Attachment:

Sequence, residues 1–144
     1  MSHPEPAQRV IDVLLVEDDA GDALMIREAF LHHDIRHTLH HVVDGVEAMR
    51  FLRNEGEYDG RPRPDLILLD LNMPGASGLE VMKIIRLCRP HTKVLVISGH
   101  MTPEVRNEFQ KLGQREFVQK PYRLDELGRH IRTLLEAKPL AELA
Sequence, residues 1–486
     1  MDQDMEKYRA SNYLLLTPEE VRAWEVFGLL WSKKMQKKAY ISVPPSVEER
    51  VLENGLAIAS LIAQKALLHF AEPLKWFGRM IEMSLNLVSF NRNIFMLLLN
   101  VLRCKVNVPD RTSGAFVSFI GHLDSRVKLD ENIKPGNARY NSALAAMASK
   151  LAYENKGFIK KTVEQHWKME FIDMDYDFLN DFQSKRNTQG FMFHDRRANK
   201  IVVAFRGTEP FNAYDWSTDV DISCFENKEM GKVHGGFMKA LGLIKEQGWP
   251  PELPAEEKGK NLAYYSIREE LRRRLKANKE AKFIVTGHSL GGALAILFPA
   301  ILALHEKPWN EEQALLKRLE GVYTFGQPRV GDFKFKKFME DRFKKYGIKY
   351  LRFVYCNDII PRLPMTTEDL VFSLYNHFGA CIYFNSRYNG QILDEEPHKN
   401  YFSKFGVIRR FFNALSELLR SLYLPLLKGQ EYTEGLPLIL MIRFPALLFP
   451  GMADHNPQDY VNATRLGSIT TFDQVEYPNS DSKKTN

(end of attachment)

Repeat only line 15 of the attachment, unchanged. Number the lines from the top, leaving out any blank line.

   451  GMADHNPQDY VNATRLGSIT TFDQVEYPNS DSKKTN